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Triumph in the Skies
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by Jay Seaver

"Well, at least break-even in the skies."
3 stars

There's a shiny new Shaw Brothers logo among the vanity cards before "Triumph in the Skies", likely because it's a spinoff of a TV show that ran on Hong Kong's TVB network, which was also founded by the late Sir Run Run Shaw, about ten years ago. It's the furthest thing from the grindhouse action that the name conjures for Western audiences, a slick modern-day drama that plays well enough for those who haven't seen the series and probably a bit better for those who have.

Apparently, that show was built around the tension between Jayden "Captain Cool" Koo (Julian Cheung Chi-lam) and Sam Tong Yik-sum (Francis Ng Chung-yu), but as the series starts, they've gone their separate ways, with safety-conscious Sam one of Skyline Air's top pilots and Jayden flying a private jet. The airline is merging with another headed by the father of pilot Branson Cheung (Louis Koo Tin-lok), who has a history with Skyline flight attendant Cassie Poon Ka-sze (Charmaine Sheh See-man). Meanwhile, Sam is stuck being a consultant to a commercial starring pop star TM Tam (Sammi Cheng Sau-man), while Jayden has caught the eye of party girl Kika Sit (Amber Kuo Cai-jie).

In the background, there's another couple - Tony and Winnie - that I presume must have been part of the show but who wind up very far in the background of the Jayden/Kika story. Despite all three (or four) threads spending a lot of time in England, they almost never intersect except for a couple of conversations between Sam and Branson, and the thread about the merger is not just superfluous but seems odd - why is a presumptive executive of the merged company being moved into the cockpit during what seems like it would be a crucial period for the business? It's often three short films interrupting each other.

They're pretty entertaining short films, though. Francis Ng and Sammi Cheng get the funniest material as a mismatched couple who spin a lot of charm out of a slight story - they and their characters genuinely seem to be having fun with it, which counts for a lot in this sort of story. Julian Cheung and Amber Kuo try for that, and get there in a few sequences, although the bit that gives their story a little weight doesn't show up until a bit late (Kuo is also stuck saying "Captain Cool" like it's a reasonable thing to call a person quite a lot, and I'm hoping that sounds less silly when it's not the only part of a sentence one understands). Louis Koo and Chamaine Sheh get the story which serves as the movie's spine, and they're an affable pair, not overdoing the melodrama but feeling like they've got the sort of history that will draw them back together even without the flashbacks.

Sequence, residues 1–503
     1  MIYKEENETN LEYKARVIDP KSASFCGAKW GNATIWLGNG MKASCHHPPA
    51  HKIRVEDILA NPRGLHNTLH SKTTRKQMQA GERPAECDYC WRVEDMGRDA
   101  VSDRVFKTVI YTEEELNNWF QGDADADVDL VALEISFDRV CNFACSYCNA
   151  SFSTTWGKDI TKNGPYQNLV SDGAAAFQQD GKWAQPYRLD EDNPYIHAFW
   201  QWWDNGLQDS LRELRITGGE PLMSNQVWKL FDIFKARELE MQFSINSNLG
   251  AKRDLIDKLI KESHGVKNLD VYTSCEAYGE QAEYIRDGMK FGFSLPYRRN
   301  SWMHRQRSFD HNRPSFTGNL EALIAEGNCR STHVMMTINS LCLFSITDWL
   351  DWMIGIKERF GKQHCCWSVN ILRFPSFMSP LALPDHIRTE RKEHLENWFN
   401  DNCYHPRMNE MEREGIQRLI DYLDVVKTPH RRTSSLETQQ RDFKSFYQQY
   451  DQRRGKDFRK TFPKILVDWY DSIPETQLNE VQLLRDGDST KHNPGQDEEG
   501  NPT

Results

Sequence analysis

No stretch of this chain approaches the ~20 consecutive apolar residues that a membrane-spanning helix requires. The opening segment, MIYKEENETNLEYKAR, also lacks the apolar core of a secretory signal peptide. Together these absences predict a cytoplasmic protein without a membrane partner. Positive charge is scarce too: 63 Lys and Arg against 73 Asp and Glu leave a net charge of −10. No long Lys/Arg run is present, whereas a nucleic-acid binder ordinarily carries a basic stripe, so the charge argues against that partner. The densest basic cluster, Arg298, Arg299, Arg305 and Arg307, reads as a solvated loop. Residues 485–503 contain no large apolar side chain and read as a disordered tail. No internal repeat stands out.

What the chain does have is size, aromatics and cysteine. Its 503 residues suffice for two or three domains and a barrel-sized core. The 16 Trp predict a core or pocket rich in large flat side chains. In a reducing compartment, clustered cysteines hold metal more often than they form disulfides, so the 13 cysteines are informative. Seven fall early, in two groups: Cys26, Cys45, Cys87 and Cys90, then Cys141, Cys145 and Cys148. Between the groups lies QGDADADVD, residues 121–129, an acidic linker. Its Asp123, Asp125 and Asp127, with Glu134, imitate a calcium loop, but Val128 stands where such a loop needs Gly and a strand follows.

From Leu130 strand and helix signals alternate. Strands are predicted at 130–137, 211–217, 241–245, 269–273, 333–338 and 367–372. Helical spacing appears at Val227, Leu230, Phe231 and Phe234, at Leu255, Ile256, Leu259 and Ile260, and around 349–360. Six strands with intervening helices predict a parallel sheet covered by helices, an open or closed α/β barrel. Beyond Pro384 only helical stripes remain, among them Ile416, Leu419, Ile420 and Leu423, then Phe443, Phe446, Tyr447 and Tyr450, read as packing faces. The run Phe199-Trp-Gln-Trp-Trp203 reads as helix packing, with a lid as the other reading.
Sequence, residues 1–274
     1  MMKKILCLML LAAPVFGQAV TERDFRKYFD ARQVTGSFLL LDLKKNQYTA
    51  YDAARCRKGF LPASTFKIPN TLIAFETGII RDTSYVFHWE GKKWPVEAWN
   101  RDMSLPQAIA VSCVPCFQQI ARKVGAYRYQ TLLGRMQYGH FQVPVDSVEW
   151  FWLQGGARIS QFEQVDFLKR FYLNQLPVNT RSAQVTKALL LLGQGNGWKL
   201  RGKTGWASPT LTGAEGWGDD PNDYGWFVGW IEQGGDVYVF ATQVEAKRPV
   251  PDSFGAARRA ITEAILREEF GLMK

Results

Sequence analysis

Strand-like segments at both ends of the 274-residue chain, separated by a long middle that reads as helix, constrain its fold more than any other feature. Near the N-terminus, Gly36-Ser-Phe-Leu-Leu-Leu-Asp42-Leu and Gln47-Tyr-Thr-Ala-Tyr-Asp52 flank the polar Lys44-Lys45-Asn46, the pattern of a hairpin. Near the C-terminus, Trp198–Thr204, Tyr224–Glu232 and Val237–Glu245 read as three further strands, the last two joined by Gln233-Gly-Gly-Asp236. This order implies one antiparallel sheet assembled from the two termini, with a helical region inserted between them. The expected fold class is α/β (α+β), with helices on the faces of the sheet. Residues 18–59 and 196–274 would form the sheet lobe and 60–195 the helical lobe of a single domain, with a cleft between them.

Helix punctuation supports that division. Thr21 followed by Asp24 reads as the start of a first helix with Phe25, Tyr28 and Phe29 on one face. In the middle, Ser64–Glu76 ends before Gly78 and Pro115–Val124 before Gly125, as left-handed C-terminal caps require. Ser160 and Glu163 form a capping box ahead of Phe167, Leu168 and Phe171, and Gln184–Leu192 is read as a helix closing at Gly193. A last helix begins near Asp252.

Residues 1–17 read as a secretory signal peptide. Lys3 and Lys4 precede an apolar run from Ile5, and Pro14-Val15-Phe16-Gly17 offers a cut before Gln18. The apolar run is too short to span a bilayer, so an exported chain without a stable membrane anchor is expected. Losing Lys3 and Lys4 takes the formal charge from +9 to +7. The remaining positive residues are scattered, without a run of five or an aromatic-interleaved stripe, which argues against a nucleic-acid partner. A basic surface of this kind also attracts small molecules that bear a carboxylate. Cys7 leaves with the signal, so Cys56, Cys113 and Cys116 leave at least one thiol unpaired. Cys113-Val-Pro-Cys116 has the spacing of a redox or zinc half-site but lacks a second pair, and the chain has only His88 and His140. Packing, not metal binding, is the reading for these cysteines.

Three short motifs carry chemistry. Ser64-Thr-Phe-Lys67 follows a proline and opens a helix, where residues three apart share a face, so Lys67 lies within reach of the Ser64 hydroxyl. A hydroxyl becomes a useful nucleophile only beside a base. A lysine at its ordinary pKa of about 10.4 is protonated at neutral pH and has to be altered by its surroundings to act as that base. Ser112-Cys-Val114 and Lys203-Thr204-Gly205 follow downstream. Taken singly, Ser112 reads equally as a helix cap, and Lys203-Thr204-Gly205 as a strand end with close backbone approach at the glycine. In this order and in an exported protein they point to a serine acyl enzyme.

The film around them is spiffy-looking - Hong Kong movies don't often get the chance to film this far afield, and Wilson Yip Wai-shun takes good advantage of it. He and writer Matt Chow Hoi-kwong stage good their scenes with a lot of polish without smothering their movie. It's not quite enough to make "Triumph in the Skies" a great movie - the stories are thin, and they don't build it up enough - but it certainly lubricates it.

I've got no idea how well this plays for fans of the original "Triumph in the Skies" series; given how well-regarded it seems to be, I'm guessing the film doesn't quite measure up. It's still enjoyable enough that those who are starting here can see why it was a hit, and wouldn't make a bad airplane movie itself.

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originally posted: 02/23/15 16:22:25
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Directed by
  Wilson Yip
  Matt Chow

Written by
  Matt Chow

  Louis Koo
  Sammi Cheng
  Charmaine Sheh
  Francis Ng
  Julian Cheng
  Amber Kuo

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